Delirium Bibliography

The searchable delirium bibliography page is one of our most popular features, allowing you to quickly gain access to the literature on delirium and acute care of older persons.  The HELP team keeps it updated for you on a monthly basis!  Feel free to search by author, title, keywords. It is primarily intended for clinicians and researchers interested in exploring these topics.

Each article is indexed by keywords taken from MEDLINE and other relevant databases.

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Please note that Pub Med Central (PMC) full text links are provided wherever available.  However, due to copyright restrictions, only abstracts can be provided for articles not available in PMC.

Total Results: 2405

  • Incidence of delirium after cardiac surgery: protocol for the DELIRIUM-CS Canada cross-sectional cohort study. 2017 DELIRIUM-CS Investigators, Canadian Cardiovascular Critical Care Society Investigator Group and the Canadian Critical Care Trials Group. CMAJ Open, 5:3
    • Title

      Incidence of delirium after cardiac surgery: protocol for the DELIRIUM-CS Canada cross-sectional cohort study.

    • Authors
      DELIRIUM-CS Investigators, Canadian Cardiovascular Critical Care Society Investigator Group and the Canadian Critical Care Trials Group
    • Year
      2017
    • Journal
      CMAJ Open
    • URL
    • Abstract
      BACKGROUND: Delirium is a recognized complication of cardiac surgery and is the focus of increasing attention owing to its negative effect on postoperative outcomes. However, little is known about the actual incidence of delirium following cardiac surgery, with published rates ranging widely, from 3%-78%. We describe the protocol for the DELIRIUM-CS Canada study, which will use validated and easily implementable bedside tools to determine the incidence of postoperative delirium in a contemporary cardiac surgery population. We hypothesize that delirium, identified through a systematic and standardized screening protocol, is a highly prevalent, though variable, condition following cardiac surgery. METHODS: The DELIRIUM-CS Canada study is a multicentre cross-sectional cohort study. Over a 3-month period, all patients undergoing major cardiac surgical procedures at 10 participating centres will be screened for postoperative delirium by means of the Intensive Care Delirium Screening Checklist or the Confusion Assessment Method for the Intensive Care Unit. Delirium screening will be conducted for 7 days following the date of surgery or until the initial discharge from the intensive care unit. In addition to reporting an overall rate of delirium, we will report unadjusted and adjusted incidence rates of delirium by institution and for the entire cohort. Risk adjustment will be performed with the use of multivariate regression modelling techniques. INTERPRETATION: The results of this study will provide valuable insight into the true burden of delirium among patients having undergone a major cardiac surgical procedure in the current era. This is the first step in creating a multifaceted delirium prevention/treatment clinical pathway for patients undergoing cardiac surgery. Trial registration: ClinicalTrials.gov, no. NCT02206880.
    • PubMed ID
  • Preoperative C-Reactive Protein as a Risk Factor for Postoperative Delirium in Elderly Patients Undergoing Laparoscopic Surgery for Colon Carcinoma. 2017 Xiang, Dong Xing, Hailin Tai, Huiyu Xie, Guozhu. BioMed Research International, (1-6)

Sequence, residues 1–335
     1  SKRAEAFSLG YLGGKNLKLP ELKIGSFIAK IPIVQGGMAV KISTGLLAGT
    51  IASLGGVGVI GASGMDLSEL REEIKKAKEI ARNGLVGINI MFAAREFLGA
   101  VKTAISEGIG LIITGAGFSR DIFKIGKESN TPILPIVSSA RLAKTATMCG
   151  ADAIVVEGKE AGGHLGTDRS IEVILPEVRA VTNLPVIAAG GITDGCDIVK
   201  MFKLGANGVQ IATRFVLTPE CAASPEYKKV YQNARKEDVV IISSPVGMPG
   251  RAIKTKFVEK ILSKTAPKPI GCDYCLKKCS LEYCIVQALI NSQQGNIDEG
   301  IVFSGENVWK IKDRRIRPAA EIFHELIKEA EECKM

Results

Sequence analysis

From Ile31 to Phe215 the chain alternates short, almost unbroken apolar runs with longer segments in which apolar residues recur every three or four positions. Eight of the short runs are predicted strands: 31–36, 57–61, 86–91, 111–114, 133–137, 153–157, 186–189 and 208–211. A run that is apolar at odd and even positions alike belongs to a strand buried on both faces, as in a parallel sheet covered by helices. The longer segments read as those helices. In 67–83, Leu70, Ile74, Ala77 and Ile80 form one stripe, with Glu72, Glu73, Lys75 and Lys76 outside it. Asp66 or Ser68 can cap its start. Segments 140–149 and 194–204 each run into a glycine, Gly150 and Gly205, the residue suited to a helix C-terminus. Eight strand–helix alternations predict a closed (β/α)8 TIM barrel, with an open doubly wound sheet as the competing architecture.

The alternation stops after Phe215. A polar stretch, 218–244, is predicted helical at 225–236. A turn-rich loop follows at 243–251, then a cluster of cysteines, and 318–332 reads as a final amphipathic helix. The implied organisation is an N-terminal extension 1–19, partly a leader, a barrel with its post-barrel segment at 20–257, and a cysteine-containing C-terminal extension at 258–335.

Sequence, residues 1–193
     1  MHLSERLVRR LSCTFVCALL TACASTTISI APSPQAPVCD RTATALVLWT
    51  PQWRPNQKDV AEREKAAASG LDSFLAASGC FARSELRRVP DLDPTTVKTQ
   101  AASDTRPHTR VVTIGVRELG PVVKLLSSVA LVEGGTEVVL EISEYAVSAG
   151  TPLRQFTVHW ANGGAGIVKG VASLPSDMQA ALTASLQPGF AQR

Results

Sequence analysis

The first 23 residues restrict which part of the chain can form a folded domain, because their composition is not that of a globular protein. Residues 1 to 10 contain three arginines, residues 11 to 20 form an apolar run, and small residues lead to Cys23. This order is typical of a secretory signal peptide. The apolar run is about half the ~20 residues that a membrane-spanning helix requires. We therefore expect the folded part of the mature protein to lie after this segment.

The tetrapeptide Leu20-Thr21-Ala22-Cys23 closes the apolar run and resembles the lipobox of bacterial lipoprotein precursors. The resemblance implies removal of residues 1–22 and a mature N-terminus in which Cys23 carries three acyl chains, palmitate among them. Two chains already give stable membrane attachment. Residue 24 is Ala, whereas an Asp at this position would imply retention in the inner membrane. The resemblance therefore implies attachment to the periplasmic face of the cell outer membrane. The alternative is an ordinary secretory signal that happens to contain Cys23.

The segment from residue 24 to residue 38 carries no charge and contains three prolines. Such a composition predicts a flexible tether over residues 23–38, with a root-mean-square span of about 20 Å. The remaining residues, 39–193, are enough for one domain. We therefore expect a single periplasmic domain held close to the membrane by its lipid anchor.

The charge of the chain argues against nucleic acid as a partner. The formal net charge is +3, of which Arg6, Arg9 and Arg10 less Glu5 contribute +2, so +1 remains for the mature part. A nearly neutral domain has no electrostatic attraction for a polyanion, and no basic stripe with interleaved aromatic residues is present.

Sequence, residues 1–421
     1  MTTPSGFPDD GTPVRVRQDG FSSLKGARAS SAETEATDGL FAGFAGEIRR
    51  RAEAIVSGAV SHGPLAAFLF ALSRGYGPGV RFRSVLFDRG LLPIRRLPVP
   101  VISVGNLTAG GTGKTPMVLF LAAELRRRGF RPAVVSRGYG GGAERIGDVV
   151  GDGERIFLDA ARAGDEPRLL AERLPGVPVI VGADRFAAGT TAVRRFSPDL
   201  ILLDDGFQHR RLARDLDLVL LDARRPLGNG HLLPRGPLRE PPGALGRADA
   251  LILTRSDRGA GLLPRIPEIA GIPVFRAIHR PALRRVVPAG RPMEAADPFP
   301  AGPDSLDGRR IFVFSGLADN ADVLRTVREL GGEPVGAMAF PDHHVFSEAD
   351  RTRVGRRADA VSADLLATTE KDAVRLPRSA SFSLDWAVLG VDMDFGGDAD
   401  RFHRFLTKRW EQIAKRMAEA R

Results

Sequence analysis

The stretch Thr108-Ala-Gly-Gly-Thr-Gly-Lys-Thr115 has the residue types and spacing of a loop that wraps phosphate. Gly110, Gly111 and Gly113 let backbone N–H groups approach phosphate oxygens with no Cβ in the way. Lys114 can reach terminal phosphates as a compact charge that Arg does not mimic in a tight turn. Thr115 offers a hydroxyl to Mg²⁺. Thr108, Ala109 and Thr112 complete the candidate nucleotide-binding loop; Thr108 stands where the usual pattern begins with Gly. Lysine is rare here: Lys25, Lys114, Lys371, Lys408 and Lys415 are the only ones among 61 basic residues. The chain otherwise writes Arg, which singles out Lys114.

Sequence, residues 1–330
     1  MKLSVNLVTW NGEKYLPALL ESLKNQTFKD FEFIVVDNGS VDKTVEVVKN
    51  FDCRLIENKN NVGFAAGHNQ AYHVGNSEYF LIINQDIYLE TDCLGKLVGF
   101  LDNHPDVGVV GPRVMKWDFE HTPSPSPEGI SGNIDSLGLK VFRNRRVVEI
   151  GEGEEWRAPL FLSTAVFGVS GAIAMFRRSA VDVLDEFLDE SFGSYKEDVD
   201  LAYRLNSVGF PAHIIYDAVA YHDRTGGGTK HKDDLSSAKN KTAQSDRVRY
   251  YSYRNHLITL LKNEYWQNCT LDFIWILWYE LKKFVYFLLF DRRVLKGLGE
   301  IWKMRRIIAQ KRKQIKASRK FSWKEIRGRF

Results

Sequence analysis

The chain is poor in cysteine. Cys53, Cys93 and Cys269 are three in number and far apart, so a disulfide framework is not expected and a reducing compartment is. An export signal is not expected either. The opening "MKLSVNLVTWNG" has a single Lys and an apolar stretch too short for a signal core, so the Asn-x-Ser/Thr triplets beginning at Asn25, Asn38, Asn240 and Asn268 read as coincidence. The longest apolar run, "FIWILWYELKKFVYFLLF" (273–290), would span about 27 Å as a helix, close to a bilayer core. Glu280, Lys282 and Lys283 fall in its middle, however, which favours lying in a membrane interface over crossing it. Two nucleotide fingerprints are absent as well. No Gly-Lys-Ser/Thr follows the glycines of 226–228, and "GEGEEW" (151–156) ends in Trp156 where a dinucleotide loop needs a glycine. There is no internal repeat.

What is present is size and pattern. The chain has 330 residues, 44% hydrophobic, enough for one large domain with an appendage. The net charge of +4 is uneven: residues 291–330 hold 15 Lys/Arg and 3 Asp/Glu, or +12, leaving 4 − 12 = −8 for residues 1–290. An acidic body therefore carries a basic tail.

• Title

      Preoperative C-Reactive Protein as a Risk Factor for Postoperative Delirium in Elderly Patients Undergoing Laparoscopic Surgery for Colon Carcinoma.

    • Authors
      Xiang, Dong Xing, Hailin Tai, Huiyu Xie, Guozhu
    • Year
      2017
    • Journal
      BioMed Research International
    • URL
    • Abstract
      Background. Postoperative delirium (POD) is a very common complication in operative disciplines, especially in those elderly patients after cardiac surgery. This study aimed to investigate the relationship between C-reactive protein (CRP) and POD in elderly patients undergoing laparoscopic surgery for colon carcinoma. Methods. 160 elderly patients scheduled to undergo selective laparoscopic surgery for colon carcinoma were prospectively recruited in this present study. The preoperative demographic and medical characteristics, intraoperative variables, and postoperative complications were all recorded in detail. POD assessment was performed once a day for the first 3 days and at 7th day after surgery, respectively. CRP concentrations preoperatively and on postoperative days 1, 2, and 3 were measured by using human enzyme linked immunosorbent assay (ELISA). Results. Of all the 160 enrolled patients, 39 had suffered POD with a POD incidence of 24.4% within the first week after the operation. The univariate analysis and multiple logistic regression analysis suggested preoperative CRP concentrations as the only independent predicator for POD in patients undergoing laparoscopic surgery for colon carcinoma (OR: 5.87; 95% CI: 2.22–11.4; P=0.018). Conclusions. This present study highlighted the predictive role of preoperative CRP concentrations for POD in elderly patients undergoing laparoscopic surgery for colon carcinoma.
    • PubMed ID
  • Responding to Ten Common Delirium Misconceptions With Best Evidence: An Educational Review for Clinicians. 2017 Oldham, M. A. Flanagan, N. M. Khan, A. Boukrina, O. Marcantonio, E. R.. J Neuropsychiatry Clin Neurosci,
    • Title

      Responding to Ten Common Delirium Misconceptions With Best Evidence: An Educational Review for Clinicians.

    • Authors
      Oldham, M. A. Flanagan, N. M. Khan, A. Boukrina, O. Marcantonio, E. R.
    • Year
      2017
    • Journal
      J Neuropsychiatry Clin Neurosci
    • URL
    • Abstract